A how-to guide on planning for kids’ college costs
Many parents dream of the exciting day when they take their child to college, help decorate their dorm room and hug them goodbye as they begin their journey closer to adulthood. However, this idyllic scene can turn sour depending on how parents choose to approach the financial responsibility that comes along with their children going to college. It’s no secret that college today is expensive. According to College Board over the course of four years, the average in-state, public university costs $37,640 and an in state private university costs $129,640. Without proper planning it can quickly eat into savings regardless of income.
How to save
When saving for a big expense like college, the sooner parents get started the better. One of the top resources parents can use to help fund their children’s college education is a 529 plan. This investment vehicle allows parents to begin saving for college early, offers tax-free earnings growth and is exempt from federal taxes on qualified expenses. The money in this account can be used for a variety of things including tuition, fees, books, supplies and computers.
How to set expectations
It’s also important for parents to include their children in discussions about how their college education will be funded. A good time to start the conversation is when students begin high school. During this time, parents may want to let their children know how much they’re able to contribute to their college education. Setting an expectation of how much financial support students can expect will make it easier for their children to know how much of their college education they’ll have to fund themselves.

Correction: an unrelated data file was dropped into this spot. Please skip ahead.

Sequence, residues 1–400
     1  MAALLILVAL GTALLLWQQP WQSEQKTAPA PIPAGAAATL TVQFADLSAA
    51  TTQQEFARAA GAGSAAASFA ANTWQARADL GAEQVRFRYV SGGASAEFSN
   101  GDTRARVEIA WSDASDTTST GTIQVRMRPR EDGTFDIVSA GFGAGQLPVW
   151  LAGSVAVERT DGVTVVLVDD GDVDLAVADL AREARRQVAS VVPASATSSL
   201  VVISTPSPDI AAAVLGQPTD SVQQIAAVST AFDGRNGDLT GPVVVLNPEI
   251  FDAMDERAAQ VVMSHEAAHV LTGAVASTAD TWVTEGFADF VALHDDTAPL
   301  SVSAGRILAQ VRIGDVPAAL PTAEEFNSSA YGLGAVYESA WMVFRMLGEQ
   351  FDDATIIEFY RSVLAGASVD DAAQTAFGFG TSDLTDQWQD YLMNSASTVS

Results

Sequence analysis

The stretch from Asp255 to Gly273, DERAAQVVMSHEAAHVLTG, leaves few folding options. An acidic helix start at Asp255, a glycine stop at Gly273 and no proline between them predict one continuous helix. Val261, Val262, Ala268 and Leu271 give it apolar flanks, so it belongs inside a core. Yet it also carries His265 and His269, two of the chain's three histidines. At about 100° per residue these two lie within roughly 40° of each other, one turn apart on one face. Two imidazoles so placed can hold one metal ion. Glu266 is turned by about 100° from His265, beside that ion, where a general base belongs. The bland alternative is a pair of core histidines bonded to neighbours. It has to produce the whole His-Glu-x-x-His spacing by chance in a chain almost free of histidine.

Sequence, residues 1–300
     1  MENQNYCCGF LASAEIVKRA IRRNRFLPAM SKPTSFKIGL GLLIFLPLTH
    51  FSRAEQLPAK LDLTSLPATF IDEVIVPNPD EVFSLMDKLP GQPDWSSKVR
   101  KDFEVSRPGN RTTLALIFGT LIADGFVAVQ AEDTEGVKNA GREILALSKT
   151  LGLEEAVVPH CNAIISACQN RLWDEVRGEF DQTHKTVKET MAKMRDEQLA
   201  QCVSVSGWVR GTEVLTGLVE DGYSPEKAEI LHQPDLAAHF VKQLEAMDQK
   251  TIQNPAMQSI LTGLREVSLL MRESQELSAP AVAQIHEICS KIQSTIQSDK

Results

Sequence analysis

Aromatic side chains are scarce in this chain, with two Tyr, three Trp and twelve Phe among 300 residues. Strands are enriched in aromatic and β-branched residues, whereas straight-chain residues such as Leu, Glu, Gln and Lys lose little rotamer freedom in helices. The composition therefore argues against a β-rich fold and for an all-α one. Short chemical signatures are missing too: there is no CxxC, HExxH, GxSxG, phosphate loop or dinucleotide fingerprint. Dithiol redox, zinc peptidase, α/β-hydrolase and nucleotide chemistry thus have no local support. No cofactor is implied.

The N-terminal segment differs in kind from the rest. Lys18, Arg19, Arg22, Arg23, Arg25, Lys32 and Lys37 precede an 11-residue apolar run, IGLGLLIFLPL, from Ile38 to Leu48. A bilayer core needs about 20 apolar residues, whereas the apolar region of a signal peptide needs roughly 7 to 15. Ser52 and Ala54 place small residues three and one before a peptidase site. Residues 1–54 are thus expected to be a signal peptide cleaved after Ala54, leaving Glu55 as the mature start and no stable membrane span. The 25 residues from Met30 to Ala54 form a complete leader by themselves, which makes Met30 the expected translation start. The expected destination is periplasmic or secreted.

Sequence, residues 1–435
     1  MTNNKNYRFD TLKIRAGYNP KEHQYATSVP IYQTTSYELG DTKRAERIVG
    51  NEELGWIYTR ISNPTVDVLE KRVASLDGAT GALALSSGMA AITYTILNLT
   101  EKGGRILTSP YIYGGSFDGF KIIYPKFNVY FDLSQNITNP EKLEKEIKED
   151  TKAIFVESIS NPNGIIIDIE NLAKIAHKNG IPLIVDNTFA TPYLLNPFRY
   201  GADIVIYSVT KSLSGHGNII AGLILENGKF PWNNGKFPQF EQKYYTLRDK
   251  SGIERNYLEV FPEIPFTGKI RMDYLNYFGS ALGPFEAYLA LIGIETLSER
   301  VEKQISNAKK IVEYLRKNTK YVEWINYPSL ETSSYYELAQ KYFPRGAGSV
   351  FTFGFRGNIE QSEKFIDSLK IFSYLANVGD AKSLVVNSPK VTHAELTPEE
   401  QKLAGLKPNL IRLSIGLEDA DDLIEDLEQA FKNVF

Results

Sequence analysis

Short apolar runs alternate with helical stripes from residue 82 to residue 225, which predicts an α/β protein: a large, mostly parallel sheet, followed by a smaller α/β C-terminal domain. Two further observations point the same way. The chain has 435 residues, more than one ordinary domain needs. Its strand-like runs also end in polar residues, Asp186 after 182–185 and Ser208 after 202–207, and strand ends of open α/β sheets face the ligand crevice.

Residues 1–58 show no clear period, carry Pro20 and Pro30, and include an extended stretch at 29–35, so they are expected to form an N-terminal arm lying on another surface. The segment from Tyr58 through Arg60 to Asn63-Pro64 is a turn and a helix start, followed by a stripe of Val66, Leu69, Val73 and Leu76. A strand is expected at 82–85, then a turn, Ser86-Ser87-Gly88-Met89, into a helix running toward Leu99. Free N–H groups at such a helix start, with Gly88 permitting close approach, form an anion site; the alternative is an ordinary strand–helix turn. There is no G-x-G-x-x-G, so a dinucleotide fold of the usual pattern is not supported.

To get a better idea of what costs they’ll have to cover during their college years, high schoolers should sit down with their parents and figure out other additional costs that come along with college including textbooks, school supplies, clothes and food.
How to decide public vs private
When discussing college costs, it’s also important to point out the price difference between private and public schools and weigh the pros and cons. In many cases, public universities can provide students with the same curriculum and activities at a lower price tag. In addition, families should also keep in mind the cost difference associated with attending college in state versus out of state.
How to maximize funding
Once a student is accepted and chosen where they will spend their college career, students and parents can research other ways to cut the cost of tuition. There are countless scholarships and grants available, and students should exhaust all avenues for funding through their university and third party organizations. Both parents and student often underestimate the amount of scholarships that may be available to them, especially at private colleges. Prior to applying for a student loan, students should contact their financial aid office to see what financial assistance the school can provide and research grants they may be applicable for.
In addition, prior to starting the school year, students can contact the university and see if there’s any part-time work available for students. These jobs are great because they’re typically flexible when it comes to classes and on-campus activities.
Starting college is a nerve wracking experience for both the student and the parents. But planning ahead on how to tackle the costs associated with higher education can help make the transition to college life easier.